Intel retakes some CPU market share from AMD as CPU shipments tick upwards

Intel Core i9 13900K Raptor Lake chip on a promotional box
(Image credit: Intel)

There's some new cause for optimism in the struggling CPU market. Just last week I wrote about a hopeful rebound following the release of data by Jon Peddie Research. Now new figures from Mercury Research further point to signs of a market recovery in the second quarter of 2023.

According to Mercury Research (via Venture Beat), Intel gained three percentage points of market share, coinciding with a three percentage point drop for AMD. This includes all CPU shipments, including IoT, SoCs and the custom chips found inside consoles. Overall, Intel still leads strongly, with 68.4% of the overall x86 market share, compared to AMD's 31.6% share. If SoC and IoT shipments are excluded, Intel leads by a whopping 82.6% to AMD's 17.4%.

Mercury Research Q2 CPU market share table

(Image credit: Mercury Research)

A large part of the recent CPU market woes are a result of excess inventory. When you have warehouses full of the things, you don't need to make as many. Mercury Research president Dean McCarron says the inventory induced downturn is "probably a thing of the past".

Shipments of AMD's console chips were forecast to decline, as the console shortage faded away, and expected seasonal buying patterns caused a drop in demand. However, it experienced a small gain in mobile and desktop share, but not enough to overcome the drop in console chip shipments. 

Intel's growth in market share can be partly attributed to strong growth in the entry level mobile CPU market, driven by Chromebook sales. Sales of entry level 13th Gen processors have also contributed to overall client CPU sales, which grew by over 20% for the quarter.  

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Though we usually skip over server news, for interest's sake, AMD saw a slight uptick in server share while Intel dropped a little.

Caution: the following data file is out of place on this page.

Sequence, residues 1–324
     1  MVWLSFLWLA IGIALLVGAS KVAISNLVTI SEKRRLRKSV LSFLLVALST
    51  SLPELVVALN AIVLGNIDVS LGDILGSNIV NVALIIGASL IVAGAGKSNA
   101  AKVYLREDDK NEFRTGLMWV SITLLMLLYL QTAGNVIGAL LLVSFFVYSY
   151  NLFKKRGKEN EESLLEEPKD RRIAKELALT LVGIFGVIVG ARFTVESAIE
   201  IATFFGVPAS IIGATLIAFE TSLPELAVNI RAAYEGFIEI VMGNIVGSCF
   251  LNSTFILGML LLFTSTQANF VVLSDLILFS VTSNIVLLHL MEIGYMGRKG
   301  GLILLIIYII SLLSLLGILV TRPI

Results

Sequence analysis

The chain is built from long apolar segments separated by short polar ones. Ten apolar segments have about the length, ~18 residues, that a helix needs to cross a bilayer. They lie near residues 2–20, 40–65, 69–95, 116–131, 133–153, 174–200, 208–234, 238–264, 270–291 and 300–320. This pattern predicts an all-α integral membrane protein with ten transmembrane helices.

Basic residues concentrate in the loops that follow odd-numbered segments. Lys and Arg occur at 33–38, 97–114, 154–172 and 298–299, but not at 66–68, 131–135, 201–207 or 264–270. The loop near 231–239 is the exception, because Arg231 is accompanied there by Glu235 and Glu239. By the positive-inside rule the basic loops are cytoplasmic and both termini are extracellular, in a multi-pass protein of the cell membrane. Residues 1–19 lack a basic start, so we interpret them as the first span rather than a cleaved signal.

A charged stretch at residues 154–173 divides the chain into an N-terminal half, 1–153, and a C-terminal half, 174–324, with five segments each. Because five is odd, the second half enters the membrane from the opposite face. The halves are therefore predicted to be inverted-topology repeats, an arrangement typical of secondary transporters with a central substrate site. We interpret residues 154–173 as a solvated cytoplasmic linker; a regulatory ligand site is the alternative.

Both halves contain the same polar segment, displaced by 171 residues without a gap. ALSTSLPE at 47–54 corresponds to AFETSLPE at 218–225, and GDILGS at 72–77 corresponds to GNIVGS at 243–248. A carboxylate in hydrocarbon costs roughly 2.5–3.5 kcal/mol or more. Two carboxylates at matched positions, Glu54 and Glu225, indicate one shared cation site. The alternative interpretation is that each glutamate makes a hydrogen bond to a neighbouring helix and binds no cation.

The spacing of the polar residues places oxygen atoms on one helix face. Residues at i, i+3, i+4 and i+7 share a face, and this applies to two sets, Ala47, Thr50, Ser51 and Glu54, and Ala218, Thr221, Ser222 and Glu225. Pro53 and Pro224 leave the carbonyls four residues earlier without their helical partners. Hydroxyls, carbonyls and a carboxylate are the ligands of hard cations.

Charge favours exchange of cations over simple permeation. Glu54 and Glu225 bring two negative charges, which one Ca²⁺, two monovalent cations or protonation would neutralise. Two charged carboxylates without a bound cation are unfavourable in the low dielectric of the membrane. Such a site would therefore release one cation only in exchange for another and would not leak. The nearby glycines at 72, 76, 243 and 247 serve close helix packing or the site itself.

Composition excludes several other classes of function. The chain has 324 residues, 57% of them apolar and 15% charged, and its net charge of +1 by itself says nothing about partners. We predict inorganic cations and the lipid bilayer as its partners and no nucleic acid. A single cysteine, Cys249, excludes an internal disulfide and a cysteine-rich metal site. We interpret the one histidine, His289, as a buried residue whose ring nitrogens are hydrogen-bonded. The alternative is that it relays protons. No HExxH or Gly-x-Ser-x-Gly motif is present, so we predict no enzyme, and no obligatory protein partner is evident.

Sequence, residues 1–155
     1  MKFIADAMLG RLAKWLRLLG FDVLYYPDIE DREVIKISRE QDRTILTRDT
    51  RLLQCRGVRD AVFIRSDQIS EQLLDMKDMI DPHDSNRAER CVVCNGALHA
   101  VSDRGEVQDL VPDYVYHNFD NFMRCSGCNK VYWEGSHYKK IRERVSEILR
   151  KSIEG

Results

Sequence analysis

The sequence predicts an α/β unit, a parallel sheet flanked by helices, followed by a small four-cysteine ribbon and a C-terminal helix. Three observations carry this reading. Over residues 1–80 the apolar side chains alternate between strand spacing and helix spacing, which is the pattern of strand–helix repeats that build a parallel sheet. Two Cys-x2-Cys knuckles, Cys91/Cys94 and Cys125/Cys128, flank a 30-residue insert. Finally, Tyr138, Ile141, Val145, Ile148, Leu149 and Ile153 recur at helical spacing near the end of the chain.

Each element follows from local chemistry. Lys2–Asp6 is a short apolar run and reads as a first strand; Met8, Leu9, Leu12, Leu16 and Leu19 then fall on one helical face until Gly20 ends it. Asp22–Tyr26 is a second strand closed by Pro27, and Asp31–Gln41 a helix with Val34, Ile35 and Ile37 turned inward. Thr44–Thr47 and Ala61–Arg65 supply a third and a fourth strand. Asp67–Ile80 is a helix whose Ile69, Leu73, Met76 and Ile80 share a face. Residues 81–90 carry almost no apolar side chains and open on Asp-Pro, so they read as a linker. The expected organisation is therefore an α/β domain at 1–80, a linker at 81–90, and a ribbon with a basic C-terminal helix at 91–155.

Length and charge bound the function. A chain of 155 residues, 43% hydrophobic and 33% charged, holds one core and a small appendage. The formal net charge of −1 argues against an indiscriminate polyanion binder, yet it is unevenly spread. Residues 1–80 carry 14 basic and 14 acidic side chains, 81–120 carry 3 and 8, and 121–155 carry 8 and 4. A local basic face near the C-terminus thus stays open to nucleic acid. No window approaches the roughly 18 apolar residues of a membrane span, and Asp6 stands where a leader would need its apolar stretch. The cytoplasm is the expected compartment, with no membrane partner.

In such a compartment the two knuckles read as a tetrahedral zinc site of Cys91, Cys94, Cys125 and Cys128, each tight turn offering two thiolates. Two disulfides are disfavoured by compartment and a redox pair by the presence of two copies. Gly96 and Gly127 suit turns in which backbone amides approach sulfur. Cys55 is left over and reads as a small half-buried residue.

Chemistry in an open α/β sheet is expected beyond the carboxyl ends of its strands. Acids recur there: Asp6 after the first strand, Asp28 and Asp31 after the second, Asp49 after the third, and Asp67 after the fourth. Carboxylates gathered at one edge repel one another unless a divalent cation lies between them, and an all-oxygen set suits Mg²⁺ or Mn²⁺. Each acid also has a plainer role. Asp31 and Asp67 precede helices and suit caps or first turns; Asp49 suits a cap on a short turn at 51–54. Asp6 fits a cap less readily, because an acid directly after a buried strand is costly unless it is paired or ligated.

Now that the second quarter is behind us, the third and fourth quarters are shaping up to be very interesting. Once that data lands, we'll know if this second quarter improvement was the beginning of a recovery in the PC market, or just a blip on the downhill path of a steeper decline.

The rest of the year is looking good from the consumer side, with peak trading days such as Black Friday and Cyber Monday to come. There's also Intel's Raptor Lake Refresh and Meteor Lake families to look forward to, and hopefully more laptops with AMD's impressive notebook chips.

The PC market ain't dead yet folks.

Chris Szewczyk
Hardware Writer

Chris' gaming experiences go back to the mid-nineties when he conned his parents into buying an 'educational PC' that was conveniently overpowered to play Doom and Tie Fighter. He developed a love of extreme overclocking that destroyed his savings despite the cheaper hardware on offer via his job at a PC store. To afford more LN2 he began moonlighting as a reviewer for VR-Zone before jumping the fence to work for MSI Australia. Since then, he's gone back to journalism, enthusiastically reviewing the latest and greatest components for PC & Tech Authority, PC Powerplay and currently Australian Personal Computer magazine and PC Gamer. Chris still puts far too many hours into Borderlands 3, always striving to become a more efficient killer.